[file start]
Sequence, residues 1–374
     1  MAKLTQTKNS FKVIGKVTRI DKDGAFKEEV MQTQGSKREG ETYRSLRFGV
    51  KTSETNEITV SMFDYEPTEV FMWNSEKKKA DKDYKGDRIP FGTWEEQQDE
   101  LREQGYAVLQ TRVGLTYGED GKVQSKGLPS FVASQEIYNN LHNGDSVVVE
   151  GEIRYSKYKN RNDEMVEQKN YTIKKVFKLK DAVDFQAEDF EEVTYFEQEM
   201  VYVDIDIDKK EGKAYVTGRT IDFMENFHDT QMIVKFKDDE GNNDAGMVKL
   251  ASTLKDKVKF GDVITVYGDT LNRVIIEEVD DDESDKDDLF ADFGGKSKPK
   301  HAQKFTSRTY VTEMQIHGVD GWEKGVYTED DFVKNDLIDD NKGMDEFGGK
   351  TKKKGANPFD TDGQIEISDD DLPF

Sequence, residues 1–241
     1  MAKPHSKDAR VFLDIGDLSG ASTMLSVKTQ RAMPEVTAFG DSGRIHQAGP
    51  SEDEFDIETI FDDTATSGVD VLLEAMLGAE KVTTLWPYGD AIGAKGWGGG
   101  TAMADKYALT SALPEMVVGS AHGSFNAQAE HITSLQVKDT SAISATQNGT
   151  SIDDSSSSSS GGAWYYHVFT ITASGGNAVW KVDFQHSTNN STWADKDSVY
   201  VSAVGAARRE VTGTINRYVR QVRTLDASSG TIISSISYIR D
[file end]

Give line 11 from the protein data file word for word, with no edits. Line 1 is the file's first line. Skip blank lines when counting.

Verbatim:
     1  MAKPHSKDAR VFLDIGDLSG ASTMLSVKTQ RAMPEVTAFG DSGRIHQAGP